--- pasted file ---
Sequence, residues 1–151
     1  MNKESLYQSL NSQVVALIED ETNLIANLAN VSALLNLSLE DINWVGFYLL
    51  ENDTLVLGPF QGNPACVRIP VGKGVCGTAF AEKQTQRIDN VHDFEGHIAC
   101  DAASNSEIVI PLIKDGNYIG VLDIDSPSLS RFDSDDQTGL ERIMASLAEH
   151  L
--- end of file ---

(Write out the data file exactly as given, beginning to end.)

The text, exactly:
Sequence, residues 1–151
     1  MNKESLYQSL NSQVVALIED ETNLIANLAN VSALLNLSLE DINWVGFYLL
    51  ENDTLVLGPF QGNPACVRIP VGKGVCGTAF AEKQTQRIDN VHDFEGHIAC
   101  DAASNSEIVI PLIKDGNYIG VLDIDSPSLS RFDSDDQTGL ERIMASLAEH
   151  L